I don’t want to brag, y’all, but I got a stuffed anteater for Mother’s Day.
My son proudly presented the critter to me with great ceremony and was just pleased as punch with this plump, grey, Mother’s Day love offering. Other gifts from my children included a pair of Harry Potter socks, several potted flowers, and some DIY refrigerator magnets shaped like teacups and bearing assorted scripture passages about the characteristics of virtuous women.
The big kids also presented me with “promise jars” full of slips of paper bearing information about various chores they solemnly swear to undertake without fussing. Interestingly, most of them were chores they are already supposed to do on a regular basis so perhaps the absence of whining is the primary gift, rather than additional housework.
When children give gifts, the results are always fabulous. As much as children love to receive presents, they derive boundless joy from giving them as well. Any mother who has graciously received a sticky, glitter-saturated card from a preschooler knows I speak the truth.
My children love to give me presents, whether it is a picture they drew at school, a beautiful rock discovered in the yard, or a partially-eaten granola bar. Every Christmas, their dad’s church organizes a little shopping bazaar for the kiddos where they can select from donated gifts, each priced at a quarter. As you might expect, the products from this endeavor vary quite a bit. I have received body lotion, clip-on earrings, a glass high-heeled shoe, and more than one porcelain doll. It is only their charming sincerity and enthusiasm for their selections that makes it possible for me to maintain an appropriately reverent expression in these moments.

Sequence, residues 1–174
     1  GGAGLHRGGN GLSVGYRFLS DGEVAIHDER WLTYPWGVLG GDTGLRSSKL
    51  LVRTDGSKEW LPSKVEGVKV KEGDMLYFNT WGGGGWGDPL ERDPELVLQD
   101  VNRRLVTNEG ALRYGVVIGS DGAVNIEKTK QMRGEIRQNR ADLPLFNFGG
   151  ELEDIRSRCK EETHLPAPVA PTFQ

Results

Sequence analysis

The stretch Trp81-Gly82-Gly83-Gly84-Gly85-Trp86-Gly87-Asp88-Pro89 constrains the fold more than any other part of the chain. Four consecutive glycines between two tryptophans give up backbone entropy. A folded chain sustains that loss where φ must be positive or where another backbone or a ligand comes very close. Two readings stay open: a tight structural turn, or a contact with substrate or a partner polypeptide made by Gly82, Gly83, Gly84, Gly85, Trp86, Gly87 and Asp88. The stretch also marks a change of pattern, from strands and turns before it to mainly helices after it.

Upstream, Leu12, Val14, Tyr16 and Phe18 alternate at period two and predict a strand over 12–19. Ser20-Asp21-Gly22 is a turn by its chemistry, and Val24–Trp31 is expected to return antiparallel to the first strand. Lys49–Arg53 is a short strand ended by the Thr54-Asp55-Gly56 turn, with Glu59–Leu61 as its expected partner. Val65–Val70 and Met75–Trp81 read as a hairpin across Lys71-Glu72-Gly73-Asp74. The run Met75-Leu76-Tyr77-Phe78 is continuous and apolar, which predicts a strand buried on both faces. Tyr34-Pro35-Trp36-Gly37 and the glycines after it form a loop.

They didn’t realize it, but the real gift my children gave me for Mother’s Day was a couple solid hours of peaceful group playtime. Ninety-five percent of the time, when my kids arrive at my house on Sunday afternoon from their dad’s, they scatter to their friends’ houses, returning in time for dinner. But for some reason, last Sunday they all stayed put. And – wonder of wonders – they played together! Without fighting! They played tennis in the driveway, then romped through the sprinkler before spreading their towels in the sun and lounging together in a damp, sunscreen-saturated heap. I, meanwhile, watched from a hammock swing, reveling in their sweetness to each other.
Since you don’t live in my house, you may not fully appreciate the depth of this gift, but I am telling you right now it was a Mother’s Day miracle.
I’m quite confident that my children love each other. But they also spend a significant portion of their time pummeling each other. A couple weeks ago, I hosted a big potluck brunch at our house as a going away party for dear friends. In the midst of mingling with sixty or so guests – including a bunch of people I had never actually met before – I had to pause to confiscate a hammer that one of my children was using to menace a sibling.
A hammer. An actual, real, honest-to-goodness, wood-and-metal hammer.
Said hammer was being brandished as a deterrent to prevent one child from entering the other child’s bedroom. I won’t go into the details of how the confrontation had escalated to that point nor attempt to untangle the complicated rules of household eminent domain that guide their turf wars. Suffice to say that, while I was certainly nonplussed at the situation, I was not shocked. Just another day in paradise.
But back to Mother’s Day. I gave myself a gift, too. I chose a recipe for dinner that I knew I would love, without any regard for whether my kids would like it. Thus I dined on spiralized butternut squash with spinach, sausage, and goat cheese. They ate crescent rolls and some leftover pulled pork I found in the freezer. These are the things you can do when you are Queen for the Day, with the stuffed anteater to prove it.